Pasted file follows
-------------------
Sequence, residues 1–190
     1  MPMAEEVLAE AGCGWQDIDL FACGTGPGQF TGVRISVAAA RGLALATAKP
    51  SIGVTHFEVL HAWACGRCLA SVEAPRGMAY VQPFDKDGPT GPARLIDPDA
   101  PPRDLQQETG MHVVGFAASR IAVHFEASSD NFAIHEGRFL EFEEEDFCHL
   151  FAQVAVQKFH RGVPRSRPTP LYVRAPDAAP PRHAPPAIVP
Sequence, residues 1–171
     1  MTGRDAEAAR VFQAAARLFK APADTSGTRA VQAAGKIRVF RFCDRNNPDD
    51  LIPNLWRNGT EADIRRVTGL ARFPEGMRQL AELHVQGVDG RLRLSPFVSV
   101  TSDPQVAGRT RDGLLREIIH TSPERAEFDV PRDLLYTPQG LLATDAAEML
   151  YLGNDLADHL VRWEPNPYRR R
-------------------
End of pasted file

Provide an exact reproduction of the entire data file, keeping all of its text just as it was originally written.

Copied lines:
Sequence, residues 1–190
     1  MPMAEEVLAE AGCGWQDIDL FACGTGPGQF TGVRISVAAA RGLALATAKP
    51  SIGVTHFEVL HAWACGRCLA SVEAPRGMAY VQPFDKDGPT GPARLIDPDA
   101  PPRDLQQETG MHVVGFAASR IAVHFEASSD NFAIHEGRFL EFEEEDFCHL
   151  FAQVAVQKFH RGVPRSRPTP LYVRAPDAAP PRHAPPAIVP
Sequence, residues 1–171
     1  MTGRDAEAAR VFQAAARLFK APADTSGTRA VQAAGKIRVF RFCDRNNPDD
    51  LIPNLWRNGT EADIRRVTGL ARFPEGMRQL AELHVQGVDG RLRLSPFVSV
   101  TSDPQVAGRT RDGLLREIIH TSPERAEFDV PRDLLYTPQG LLATDAAEML
   151  YLGNDLADHL VRWEPNPYRR R